Distance (round-trip)

7.4 mi

Time

5 hrs

Elevation Gain

1500 ft

Season

Spring
Summer
Fall
Winter

Weather

How would you like to bag two Southern California County high points in one go? Sounds unrealistic? Too much work? Well, perhaps if you were trying to tag San Gorgonio and San Jacinto all in one day. Yes, some hardy souls attempt this feat as part of Adventure 16’s Three Peak Challenge, and more power too them. However, if you are looking for something a little more reasonable, consider tag-teaming the twin high points of Mount Pinos and Sawmill Mountain.

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These two peaks represent the highest point in their respective counties, Ventura and Kern. Because both peaks sit atop a ridge standing high above the San Andreas Rift Zone, and because they are a mere 1.1 linear miles apart across a saddle split by the Ventura-Kern County line, all it takes is a moderately difficult hike to connect the two peaks. If you harbor ambitions of hiking all of SoCal’s County High Points as I do, you can’t help but appreciate such efficiency.

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In addition to bucket list-style peak bagging, this hike features a fascinating landscape full of interesting cultural, geological, avian, and scenic highlights. Several large dry meadows and a lovely wet meadow bound by forests of Jeffrey pines characterize the landscape, and at the highest points, the ever-flexible limber pines, yogis of the natural world, oversee the vast, rippling landscape of the San Emigdo Mountains as they recede into the San Joaquin Valley. Late spring brings a number of wildflowers, and the extremely lucky may possibly spot a California condor soaring high above from the Condor Observation Site.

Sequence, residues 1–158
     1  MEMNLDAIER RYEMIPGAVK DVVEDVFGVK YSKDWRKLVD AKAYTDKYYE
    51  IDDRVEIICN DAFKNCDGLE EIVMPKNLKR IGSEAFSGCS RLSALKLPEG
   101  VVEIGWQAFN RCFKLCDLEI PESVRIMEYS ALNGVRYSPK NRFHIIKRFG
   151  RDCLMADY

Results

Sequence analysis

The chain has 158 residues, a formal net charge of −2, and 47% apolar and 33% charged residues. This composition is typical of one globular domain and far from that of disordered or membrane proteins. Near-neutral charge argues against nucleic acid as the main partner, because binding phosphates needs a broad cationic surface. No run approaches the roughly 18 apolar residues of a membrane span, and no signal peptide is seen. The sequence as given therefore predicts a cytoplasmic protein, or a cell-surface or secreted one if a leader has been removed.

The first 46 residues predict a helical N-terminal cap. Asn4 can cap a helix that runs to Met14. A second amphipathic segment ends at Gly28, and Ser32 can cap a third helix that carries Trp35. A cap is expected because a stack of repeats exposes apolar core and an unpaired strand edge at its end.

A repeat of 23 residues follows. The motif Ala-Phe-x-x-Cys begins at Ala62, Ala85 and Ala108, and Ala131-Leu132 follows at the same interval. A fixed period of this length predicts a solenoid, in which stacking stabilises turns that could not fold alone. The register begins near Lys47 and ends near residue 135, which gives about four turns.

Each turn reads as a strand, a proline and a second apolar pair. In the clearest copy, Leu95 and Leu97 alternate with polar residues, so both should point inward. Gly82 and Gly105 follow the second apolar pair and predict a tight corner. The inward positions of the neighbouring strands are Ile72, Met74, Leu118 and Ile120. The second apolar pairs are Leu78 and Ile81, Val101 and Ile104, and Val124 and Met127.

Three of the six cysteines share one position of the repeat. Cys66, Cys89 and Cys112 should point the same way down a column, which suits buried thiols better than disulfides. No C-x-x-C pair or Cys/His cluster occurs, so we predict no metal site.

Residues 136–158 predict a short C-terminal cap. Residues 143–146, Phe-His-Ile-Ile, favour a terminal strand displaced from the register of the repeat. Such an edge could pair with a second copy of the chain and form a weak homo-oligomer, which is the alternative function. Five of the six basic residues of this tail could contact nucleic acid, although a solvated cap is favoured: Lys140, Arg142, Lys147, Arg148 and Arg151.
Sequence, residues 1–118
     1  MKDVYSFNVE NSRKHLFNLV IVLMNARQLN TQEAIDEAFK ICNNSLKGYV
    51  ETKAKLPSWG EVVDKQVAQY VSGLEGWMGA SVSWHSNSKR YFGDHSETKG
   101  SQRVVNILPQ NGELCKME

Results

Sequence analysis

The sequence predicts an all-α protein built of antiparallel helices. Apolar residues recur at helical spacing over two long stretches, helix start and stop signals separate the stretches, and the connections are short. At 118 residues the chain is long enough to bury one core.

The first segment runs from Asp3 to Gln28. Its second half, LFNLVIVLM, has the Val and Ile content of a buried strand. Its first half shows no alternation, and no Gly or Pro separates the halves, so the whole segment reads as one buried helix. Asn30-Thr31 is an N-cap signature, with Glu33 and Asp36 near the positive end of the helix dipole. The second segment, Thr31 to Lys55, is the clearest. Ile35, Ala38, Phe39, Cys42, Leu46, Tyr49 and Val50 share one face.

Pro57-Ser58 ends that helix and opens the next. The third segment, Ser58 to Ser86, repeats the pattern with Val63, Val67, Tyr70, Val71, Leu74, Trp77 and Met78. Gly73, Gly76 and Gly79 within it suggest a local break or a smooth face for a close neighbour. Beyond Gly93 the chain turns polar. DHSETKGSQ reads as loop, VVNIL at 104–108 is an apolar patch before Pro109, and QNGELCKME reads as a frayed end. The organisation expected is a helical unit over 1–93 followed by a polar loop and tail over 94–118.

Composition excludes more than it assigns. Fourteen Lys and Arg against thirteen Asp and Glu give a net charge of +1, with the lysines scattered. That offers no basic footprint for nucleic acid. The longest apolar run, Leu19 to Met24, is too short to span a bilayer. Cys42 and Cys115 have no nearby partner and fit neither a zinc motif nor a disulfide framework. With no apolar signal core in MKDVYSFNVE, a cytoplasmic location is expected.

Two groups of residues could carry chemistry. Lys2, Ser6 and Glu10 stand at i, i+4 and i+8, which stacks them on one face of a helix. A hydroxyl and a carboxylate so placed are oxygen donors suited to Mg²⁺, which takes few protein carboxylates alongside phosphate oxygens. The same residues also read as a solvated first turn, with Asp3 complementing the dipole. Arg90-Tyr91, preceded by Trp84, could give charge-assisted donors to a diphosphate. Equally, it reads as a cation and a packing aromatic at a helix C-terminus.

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Start from the large parking area that serves the Mt. Pinos Nordic Area and several other trails radiating from this hub. An access road climbs away from the west side of the lot. Just before the road bends to the west, look off to the right and spy a wet meadow glistening in the high altitude sunshine. You can split off from the main road to approach the edge of the meadow so as to observe the spring wildflowers or simply to marvel that enough water exists in this dry environment to support such a natural feature.

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Otherwise, follow the road west into Jeffrey pine forest on a gentle incline. After .9 mile, the road leaves the cover of the forest as it reaches the first of several large, dry meadows. A side road branches off to the north to a knob overlooking the San Joaquin Valley (or at least its persistent smog cover).

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Continue generally west across the open, sunny dry meadow. During May and June, this meadow may be dotted with a variety of wildflowers. Scattered pines dot the meadow here and there. The radio towers atop Mount Pinos comes into view before long, providing visual confirmation of your first target. You will reach Mount Pinos after dipping back into the forest at 1.5 miles and coming out again .1 mile later. An access road splits off on the right to lead to the summit.

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As summits go, Mount Pinos is a bit of an anti-climax. The peak itself is round and indistinct, and much of the view is dominated by radar antennae. Additionally, there are far more interesting views from the Condor Observation Site about a quarter-mile east, which is only a few feet lower than the peak itself. However, you cannot consider the peak bagged if you don’t fart around on it for a least a few minutes.